Wednesday, September 8, 2010

Justice Matters & Los Cenzontles Host Cultural Event: Home–Grown Solutions for National Education Reform

Justice Matters and Los Cenzontles will host a cultural event and community advocacy forum on Wednesday, September 8 at 4 PM at Los Cenzontles Mexican Art Center, 13108 San Pablo Avenue, San Pablo, CA  94805.

East Bay families and neighbors are invited watch a four-year-old dance troupe, get their hands dirty with arts projects and enjoy traditional food, all while sharing their vision for change in public schools. This unique forum celebrates art, while asking parents and the community to collaborate on priorities for education reform and share their experiences and opinions with policymakers.

This authentic gathering is part of a state-wide effort to build support for arts education and arts-integrated education as a solution to many of the challenges facing schools today.  The effort is led by a state-wide coalition of advocacy groups which includes Alameda County Office of Education’s Alliance for Arts Learning Leadership, Justice Matters and Los Cenzontles. Aligning with a national effort led by the Americans for the Arts Action Fund’s 50 State in 50 Days initiative the coalition seeks to build awareness of the important role of the arts in our communities.

"Community arts are a priority in our work towards racial justice in local schools and on a national level. Our art and story-telling projects are a relevant and tangible way to raise consciousness and empower students, families and teachers,” said Olivia Araiza, executive director of Justice Matters.

As part of The Time Is Now initiative, state-wide coalition partners are urging the U.S. Congress and State Legislature to support the following policies and priorities for education reform:
  • Strengthen schools through arts learning and arts-integrated education.
  • Develop balanced assessments that value individual student growth and account for the overall quality of the learning environment provided for each student.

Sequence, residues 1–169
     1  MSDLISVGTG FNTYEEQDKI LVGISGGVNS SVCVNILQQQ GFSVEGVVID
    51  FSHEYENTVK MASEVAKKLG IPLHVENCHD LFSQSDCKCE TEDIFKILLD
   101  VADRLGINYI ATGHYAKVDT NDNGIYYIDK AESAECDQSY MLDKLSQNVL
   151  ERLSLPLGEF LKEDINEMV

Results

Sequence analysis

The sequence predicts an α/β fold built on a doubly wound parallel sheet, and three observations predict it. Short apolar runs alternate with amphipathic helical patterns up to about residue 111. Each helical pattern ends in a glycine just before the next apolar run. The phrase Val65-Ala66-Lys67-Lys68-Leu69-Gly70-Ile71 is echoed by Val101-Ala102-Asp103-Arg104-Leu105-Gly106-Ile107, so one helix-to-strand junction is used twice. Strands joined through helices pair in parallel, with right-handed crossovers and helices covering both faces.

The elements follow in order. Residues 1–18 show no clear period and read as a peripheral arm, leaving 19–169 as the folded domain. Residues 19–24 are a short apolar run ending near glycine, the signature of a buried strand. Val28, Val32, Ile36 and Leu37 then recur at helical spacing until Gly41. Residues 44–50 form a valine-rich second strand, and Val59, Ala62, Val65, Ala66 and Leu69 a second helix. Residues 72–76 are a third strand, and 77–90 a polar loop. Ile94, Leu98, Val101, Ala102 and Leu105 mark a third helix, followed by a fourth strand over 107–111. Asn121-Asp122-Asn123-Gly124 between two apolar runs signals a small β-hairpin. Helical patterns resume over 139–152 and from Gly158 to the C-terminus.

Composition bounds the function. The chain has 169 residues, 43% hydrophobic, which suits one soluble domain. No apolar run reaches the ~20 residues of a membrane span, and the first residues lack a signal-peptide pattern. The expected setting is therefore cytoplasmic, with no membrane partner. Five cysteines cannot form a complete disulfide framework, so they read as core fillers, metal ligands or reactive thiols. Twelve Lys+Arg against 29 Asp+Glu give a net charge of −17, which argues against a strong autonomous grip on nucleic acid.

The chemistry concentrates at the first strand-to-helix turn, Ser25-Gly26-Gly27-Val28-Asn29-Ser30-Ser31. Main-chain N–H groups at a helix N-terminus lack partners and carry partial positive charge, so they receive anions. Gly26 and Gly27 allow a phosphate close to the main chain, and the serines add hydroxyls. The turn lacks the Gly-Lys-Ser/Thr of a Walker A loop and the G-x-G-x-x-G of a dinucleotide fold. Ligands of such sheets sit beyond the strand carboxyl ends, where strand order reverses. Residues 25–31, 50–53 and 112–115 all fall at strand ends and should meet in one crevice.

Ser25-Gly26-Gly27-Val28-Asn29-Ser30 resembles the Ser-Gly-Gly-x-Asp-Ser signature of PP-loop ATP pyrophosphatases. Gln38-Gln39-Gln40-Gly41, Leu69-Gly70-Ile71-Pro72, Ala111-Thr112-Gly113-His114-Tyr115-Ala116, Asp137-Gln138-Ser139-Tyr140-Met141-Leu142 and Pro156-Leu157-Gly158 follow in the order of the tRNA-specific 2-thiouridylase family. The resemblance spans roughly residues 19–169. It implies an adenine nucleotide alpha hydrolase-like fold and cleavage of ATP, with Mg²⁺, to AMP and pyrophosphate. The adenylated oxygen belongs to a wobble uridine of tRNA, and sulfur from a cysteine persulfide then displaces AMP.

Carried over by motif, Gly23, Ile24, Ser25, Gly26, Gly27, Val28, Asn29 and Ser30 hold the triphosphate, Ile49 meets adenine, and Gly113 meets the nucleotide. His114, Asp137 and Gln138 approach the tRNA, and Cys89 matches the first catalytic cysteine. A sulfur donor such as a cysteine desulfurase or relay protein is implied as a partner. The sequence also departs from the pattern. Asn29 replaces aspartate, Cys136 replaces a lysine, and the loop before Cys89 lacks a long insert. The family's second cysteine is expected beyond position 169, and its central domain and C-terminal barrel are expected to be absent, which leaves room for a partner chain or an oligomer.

• Provide equitable funding and school improvement models that value innovation and quality.
  • Provide authentic, accessible opportunities for parent, student, and community engagement and input.
  • Support educator professional learning communities that continually strengthen teaching and learning.
Los Cenzontles is a grassroots artist-driven organization committed to amplifying the roots of Mexican culture through classes, events, media and performances. Founded in San Pablo, CA in 1994 by musician and educator Eugene Rodriguez, Los Cenzontles provides the local community with a family-friendly setting for traditional arts education and cultural events.

Friday, August 20, 2010

New Schott Foundation study reveals national failure to educate black males

"The 2010 Schott 50 State Report on Black Males in Public Education indicates that the overall 2007-2008 graduation rate for black males in the U.S. was 47 percent, with half of states having rates below this. The report highlights New Jersey's Abbott plan, whose targeted resources yielded significant results: New Jersey is now the only state with a high black population and a greater-than-65-percent graduation rate for black males. Currently, the five worst-performing districts with large black male student enrollment are New York City (28 percent); Philadelphia (28 percent); Broward County, Fla. (39 percent); Chicago (44 percent); and Nashville, Tenn. (47 percent)."

Monday, August 16, 2010

Stop SB1317: Proposed truancy law fines, jails California parents

Malaika Parker, Director of Community Action, uses her experience organizing parents through the R.E.A.L. Schools Now! Campaign in Richmond, CA to offer an analysis of the California Senate's chronic truancy legislation, SB1317:

Eighteen days and your parent can land in jail – what a message to send to the students in California elementary and middle schools. First we blamed students for the failings of public education and now, instead of California doing everything possible to make responsive, inclusive schools, SB1317 threatens to blame parents. Under this proposed legislation parents with children labeled chronically truant (18 or more unexcused days per school year) would either receive a fine, be remanded to jail or parenting classes for which the state has no money.

Consistently the response to the failures the public school system has been rooted in a desire to find the quick fix, instead of taking a deep look at what is happening in our schools. Our children are being warehoused, underserved, and over-tested. Children of color are being denied education that prepares them for their futures.

Families are told over and over again that they are not welcome as engaged, critical members of the school community. Instead of looking at the root of why our communities, families, and young people feel disengaged by schools SB1317 and much of the school reform discussion is focused on what parents need to do differently. This bill is a slippery slope toward teaching children that their parents are the barrier to success, education, and prosperity.